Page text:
Traditionally, the gap between recycled fiber price indices and actual transactions has been significant. This gap has led to an unstable market and volatile prices. Increasingly, buyers, sellers, and traders of recycled fiber in the United States express frustration at the lack of actionable information about the market.
Over the past two years, we've conducted more than 30 interviews with buyers, sellers and traders of recycled fiber. Here is what we've learned:
• Existing price indices do not reflect underlying supply and demand
• Benchmarks do not accurately reflect differences in geography, product quality, or format
• Current conditions do not enable reliable benchmarking of one’s own selling or buying activity
These unexpected movements can happen because the index being used based on survey-based methods is naturally confronted with the risk of biases. The metrics used to measure the market that seek to predict future prices based on industry chatter tend to exacerbate artificial volatility. The ramifications of this type of volatility are serious:
• Making forward-looking business decisions becomes incredibly difficult when price is no longer a function of supply–demand interaction.
• A facility’s margins can be wiped out without a valid market-based reason due to the markets not moving in the way of actual costs.
Uncertainty increases the risk and can increase the cost of capital demanded by investors, and many of the issues arise due the nature and built-in challenges inherent with telephone-based surveys. Therefore, the antidote is to build a different index using a new process.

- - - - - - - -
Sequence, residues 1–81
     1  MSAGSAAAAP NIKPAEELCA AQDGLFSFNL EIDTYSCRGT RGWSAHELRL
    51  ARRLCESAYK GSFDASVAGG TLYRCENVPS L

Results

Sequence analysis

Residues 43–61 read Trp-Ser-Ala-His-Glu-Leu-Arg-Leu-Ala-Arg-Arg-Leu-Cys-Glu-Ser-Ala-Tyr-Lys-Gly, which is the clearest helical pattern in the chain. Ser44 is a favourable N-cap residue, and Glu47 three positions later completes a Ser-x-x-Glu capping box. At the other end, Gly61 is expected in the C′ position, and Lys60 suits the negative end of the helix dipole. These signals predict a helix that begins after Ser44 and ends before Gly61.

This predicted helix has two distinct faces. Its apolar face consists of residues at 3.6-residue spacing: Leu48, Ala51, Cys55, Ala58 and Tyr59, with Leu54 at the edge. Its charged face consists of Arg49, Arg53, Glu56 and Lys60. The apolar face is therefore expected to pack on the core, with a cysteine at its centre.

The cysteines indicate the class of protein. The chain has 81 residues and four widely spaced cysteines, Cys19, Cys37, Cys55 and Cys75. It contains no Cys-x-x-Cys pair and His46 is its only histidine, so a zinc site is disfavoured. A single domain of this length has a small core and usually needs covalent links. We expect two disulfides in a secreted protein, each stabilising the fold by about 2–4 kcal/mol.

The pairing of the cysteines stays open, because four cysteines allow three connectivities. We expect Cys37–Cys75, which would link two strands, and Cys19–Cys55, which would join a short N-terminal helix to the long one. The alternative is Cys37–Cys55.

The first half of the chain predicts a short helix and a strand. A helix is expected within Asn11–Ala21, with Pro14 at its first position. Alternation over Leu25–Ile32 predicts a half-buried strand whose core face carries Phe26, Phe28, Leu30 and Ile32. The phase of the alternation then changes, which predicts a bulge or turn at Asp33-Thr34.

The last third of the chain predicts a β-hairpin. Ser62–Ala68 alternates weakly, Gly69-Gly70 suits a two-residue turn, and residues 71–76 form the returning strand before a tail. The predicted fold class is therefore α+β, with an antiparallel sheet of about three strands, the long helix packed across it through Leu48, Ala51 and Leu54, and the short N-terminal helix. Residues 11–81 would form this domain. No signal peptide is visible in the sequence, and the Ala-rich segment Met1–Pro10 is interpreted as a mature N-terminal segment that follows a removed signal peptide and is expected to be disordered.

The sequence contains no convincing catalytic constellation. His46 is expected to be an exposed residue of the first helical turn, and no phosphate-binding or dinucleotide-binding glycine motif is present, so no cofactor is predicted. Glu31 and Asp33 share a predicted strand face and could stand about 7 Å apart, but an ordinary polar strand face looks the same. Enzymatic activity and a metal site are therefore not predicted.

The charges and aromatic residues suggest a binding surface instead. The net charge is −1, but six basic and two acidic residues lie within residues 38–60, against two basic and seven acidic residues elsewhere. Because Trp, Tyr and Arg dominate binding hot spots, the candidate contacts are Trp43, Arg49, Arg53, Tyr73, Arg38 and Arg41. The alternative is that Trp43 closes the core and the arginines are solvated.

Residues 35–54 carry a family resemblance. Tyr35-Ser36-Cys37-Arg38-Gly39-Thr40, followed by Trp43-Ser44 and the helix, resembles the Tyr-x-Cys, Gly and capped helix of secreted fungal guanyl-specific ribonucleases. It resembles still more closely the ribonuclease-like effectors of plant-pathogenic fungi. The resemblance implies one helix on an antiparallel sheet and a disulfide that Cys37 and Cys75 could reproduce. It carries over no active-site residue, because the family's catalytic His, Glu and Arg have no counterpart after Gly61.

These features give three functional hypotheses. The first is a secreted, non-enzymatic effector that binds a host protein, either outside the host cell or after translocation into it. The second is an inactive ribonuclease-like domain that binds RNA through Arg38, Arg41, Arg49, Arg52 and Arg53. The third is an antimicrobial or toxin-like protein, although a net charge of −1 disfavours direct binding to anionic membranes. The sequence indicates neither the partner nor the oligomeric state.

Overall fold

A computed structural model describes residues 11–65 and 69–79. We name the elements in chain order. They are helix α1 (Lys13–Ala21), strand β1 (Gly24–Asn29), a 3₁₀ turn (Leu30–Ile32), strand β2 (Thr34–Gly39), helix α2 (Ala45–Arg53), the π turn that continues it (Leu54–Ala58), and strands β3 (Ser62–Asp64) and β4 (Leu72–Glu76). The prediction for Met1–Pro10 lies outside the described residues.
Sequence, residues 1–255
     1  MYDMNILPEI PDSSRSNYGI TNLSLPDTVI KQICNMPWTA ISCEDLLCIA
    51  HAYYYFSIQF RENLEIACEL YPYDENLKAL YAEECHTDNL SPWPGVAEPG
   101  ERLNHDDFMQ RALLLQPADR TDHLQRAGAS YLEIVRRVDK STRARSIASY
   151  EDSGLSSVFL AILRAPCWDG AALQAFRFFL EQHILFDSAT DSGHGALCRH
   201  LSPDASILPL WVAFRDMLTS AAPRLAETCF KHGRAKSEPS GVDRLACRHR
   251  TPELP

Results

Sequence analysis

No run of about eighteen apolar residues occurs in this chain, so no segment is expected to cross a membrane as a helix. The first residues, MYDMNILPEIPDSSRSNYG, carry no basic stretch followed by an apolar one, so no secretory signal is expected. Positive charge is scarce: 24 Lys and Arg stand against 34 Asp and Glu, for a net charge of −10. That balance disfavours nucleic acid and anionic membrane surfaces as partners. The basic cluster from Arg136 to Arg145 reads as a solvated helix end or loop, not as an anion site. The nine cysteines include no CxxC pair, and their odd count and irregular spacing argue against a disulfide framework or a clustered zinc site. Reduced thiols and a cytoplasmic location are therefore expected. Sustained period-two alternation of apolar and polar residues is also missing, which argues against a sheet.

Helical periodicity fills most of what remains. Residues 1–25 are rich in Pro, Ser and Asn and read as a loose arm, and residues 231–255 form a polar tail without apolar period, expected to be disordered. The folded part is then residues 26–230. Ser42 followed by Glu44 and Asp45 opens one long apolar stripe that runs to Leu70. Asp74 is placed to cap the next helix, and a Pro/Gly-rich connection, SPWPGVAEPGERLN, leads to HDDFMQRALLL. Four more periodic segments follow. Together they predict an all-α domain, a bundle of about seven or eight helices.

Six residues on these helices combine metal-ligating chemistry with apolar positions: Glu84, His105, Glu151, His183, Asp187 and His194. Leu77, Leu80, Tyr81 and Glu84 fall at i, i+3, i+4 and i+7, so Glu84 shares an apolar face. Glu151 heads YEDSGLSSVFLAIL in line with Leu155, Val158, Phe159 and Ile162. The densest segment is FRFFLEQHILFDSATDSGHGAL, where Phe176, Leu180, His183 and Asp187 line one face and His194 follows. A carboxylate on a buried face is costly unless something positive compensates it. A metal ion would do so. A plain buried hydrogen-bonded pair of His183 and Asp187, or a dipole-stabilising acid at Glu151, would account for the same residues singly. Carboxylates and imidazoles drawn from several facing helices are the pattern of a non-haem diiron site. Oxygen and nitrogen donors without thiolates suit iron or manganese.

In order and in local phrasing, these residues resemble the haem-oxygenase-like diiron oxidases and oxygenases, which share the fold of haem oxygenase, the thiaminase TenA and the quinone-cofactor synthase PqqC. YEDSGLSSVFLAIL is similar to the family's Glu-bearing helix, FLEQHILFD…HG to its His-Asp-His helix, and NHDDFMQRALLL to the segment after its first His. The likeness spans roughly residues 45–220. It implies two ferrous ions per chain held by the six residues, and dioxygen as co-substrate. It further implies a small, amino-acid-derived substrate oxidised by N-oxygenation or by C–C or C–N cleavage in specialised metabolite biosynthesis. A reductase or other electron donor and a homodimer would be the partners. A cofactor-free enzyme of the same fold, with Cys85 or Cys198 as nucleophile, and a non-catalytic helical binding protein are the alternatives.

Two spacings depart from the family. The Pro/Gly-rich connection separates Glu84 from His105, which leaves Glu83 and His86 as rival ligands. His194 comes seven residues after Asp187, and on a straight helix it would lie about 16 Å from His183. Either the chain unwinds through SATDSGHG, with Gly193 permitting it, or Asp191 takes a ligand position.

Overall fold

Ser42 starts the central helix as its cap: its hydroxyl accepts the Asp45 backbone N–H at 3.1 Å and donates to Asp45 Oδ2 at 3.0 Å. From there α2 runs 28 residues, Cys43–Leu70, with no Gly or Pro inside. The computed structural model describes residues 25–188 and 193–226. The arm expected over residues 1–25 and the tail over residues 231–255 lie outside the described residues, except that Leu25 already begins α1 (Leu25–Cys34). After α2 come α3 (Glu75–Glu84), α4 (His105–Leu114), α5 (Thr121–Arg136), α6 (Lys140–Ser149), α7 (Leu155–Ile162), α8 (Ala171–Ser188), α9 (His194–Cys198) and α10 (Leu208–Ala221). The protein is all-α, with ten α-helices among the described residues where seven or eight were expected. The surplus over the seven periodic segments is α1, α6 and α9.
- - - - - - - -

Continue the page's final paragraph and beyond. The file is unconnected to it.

Markets aren’t really built on word of mouth. Markets are built by the individuals whose job it is—day in and day out—to make sure they get the best price they can whether they are buying or selling. This is how the market is built: transaction by transaction, each one reflecting the supply and demand factors on the ground.
The best way to reduce uncertainty with price discovery is to build an index based on actual market transactions. The OCC market is similar to the complementary feedstocks we’ve worked with – and during our experience, we’ve seen the benefits of reliable data based on actual market transactions in these markets. Prior to the introduction of our transaction-based indices, log markets were highly volatile and uncertain in ways that could not be explained. Our index – now capturing millions of transactions per year – solved this problem.
Download a white paper detailing our approach to recycled fiber prices.
• Geographic summary of mills, capacities and price quartiles
• Market price trend
• Price distribution by volume
• Month over month price change
• Fiber cost by mill
• Fiber cost by region
• Selected mills fiber price trend
• Geographic summary of total exports from the US
• Export trade breakdown by region and state/province
• Weighted average price per ton by region